At the advice of a friend who had a fear of flying and with the approval of my doctor, I began taking a half a Xanax at night as soon as I started feeling some anxiety about the trip.  That timeline is now sort of blurry because it was also on the heels of general holiday stress, but I think I really started thinking about it about a week out.  The Xanax at bedtime achieved two things: 1) it helped me get the best sleep possible.  The silence of night can sometimes be overwhelming if you are dealing with anxiety, and 2) waking up with less anxiety helps decrease the anxiety throughout the day. It’s sort of like taking an allergy medication at night to help with your allergies during the day.

The day before we were scheduled to leave, I went online and checked in and confirmed our seat assignments.  So glad I did as I saw where we were sitting and hated it.  This, I thought, is something I can control in a situation where I feel I have absolutely no control. The diagram of the plane showed a row of three seats and then a row of two seats.  Perfect.  Just me and my husband in our own little row.  That eliminated all the anxiety about the unknown person who would be sitting next to us.  The option to pay extra for the exit row, which has a little more room to stretch out.  Excellent.  Reduced the feeling of being locked in, smooched with strangers.  Just being able to pick, and have the option to select a “better” seat-even at a charge-really did give me a very important sense of control.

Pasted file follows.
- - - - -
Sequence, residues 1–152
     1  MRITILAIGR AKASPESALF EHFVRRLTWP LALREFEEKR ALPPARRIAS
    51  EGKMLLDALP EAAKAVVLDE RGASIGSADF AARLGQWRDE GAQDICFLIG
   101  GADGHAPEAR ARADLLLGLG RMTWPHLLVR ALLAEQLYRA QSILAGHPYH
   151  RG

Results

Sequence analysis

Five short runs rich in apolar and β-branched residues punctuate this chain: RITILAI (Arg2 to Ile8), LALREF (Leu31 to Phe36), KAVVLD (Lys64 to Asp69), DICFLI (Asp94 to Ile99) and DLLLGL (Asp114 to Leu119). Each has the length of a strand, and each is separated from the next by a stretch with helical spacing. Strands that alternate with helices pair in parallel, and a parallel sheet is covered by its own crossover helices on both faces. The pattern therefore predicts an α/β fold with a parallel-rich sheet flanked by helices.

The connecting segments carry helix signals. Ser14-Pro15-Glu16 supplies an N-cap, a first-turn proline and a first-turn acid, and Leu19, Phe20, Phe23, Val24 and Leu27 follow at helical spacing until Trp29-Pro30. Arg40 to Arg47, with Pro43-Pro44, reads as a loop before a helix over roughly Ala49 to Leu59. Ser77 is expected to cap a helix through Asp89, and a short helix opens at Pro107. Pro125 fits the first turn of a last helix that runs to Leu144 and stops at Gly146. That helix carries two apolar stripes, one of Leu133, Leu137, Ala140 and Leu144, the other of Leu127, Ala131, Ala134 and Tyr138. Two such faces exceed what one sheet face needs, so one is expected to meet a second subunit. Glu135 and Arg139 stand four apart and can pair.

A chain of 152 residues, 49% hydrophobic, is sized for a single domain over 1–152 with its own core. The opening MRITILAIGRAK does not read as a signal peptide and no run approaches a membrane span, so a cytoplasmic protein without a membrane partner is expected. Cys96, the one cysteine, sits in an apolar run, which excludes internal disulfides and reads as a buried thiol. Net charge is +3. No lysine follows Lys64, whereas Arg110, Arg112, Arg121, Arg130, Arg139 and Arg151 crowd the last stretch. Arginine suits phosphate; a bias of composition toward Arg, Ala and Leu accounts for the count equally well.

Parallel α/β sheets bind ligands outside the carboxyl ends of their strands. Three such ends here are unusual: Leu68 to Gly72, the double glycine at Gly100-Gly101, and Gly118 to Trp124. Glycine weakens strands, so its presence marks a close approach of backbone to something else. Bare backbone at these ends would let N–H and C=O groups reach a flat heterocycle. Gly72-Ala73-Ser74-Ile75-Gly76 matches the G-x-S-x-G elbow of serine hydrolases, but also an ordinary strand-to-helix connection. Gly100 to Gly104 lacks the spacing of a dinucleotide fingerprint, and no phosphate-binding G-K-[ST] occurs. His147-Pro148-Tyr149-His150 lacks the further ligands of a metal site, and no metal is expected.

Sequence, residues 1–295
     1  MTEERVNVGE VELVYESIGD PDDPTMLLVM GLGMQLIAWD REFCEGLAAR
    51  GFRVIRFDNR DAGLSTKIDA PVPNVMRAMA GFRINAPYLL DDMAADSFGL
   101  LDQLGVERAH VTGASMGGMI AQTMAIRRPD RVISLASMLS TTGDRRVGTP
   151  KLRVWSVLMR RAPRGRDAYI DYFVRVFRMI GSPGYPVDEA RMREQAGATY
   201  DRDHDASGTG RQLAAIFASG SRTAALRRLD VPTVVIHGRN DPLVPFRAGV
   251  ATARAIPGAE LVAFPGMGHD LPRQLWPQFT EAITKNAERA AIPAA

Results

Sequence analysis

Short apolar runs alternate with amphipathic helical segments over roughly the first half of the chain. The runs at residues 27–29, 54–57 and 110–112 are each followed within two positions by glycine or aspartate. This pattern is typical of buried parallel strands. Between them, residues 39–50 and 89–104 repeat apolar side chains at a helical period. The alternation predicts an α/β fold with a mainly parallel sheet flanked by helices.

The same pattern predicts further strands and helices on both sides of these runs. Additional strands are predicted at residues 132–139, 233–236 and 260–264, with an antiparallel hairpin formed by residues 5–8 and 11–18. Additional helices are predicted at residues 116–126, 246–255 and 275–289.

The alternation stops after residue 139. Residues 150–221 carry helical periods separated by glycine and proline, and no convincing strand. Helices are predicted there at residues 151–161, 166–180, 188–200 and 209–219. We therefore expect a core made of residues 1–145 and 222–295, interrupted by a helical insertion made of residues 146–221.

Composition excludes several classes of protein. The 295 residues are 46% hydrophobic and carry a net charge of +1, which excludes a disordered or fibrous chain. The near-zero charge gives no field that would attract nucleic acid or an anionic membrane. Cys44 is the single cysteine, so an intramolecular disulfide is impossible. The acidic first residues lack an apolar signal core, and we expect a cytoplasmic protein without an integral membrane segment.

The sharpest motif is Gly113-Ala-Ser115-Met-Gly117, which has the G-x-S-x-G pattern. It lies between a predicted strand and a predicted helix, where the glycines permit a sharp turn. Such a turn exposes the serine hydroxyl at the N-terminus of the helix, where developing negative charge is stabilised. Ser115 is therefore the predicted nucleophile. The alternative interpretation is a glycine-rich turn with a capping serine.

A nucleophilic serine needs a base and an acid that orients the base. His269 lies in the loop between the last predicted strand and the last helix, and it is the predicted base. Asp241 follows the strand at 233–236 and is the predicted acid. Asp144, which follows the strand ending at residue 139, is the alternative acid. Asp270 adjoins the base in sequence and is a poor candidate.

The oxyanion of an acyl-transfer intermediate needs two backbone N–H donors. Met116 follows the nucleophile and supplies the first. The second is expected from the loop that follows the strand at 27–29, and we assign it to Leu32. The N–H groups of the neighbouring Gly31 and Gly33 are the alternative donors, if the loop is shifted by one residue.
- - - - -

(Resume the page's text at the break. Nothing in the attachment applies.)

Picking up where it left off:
The night before we left, I took a whole Xanax and slept as best as I could.  I got up early to allow time for a trip to the Y to do a cardio workout (exercise is incredibly helpful for my anxiety).  Home to shower, finish packing and wrap things up at home so we could head to the airport.

I am not quite sure how to explain this to someone who doesn’t have anxiety, but when I am super anxious, there is a very loud conversation going on in my head.  Maybe not even a conversation, but lots of “noise” that makes it difficult to focus. That noise makes it difficult to talk with others or process information-it’s just too crowded in there.  I become extremely sensitive to sounds, smell and light.  It’s a physical reaction to a psychological issue. For example, Jeff was unloading the dishwasher, which usually is a welcomed self-imitated task, but this time, the clanking of the dishes was amplified ten times and every crash of a plate reverberated in the tight space between my ears.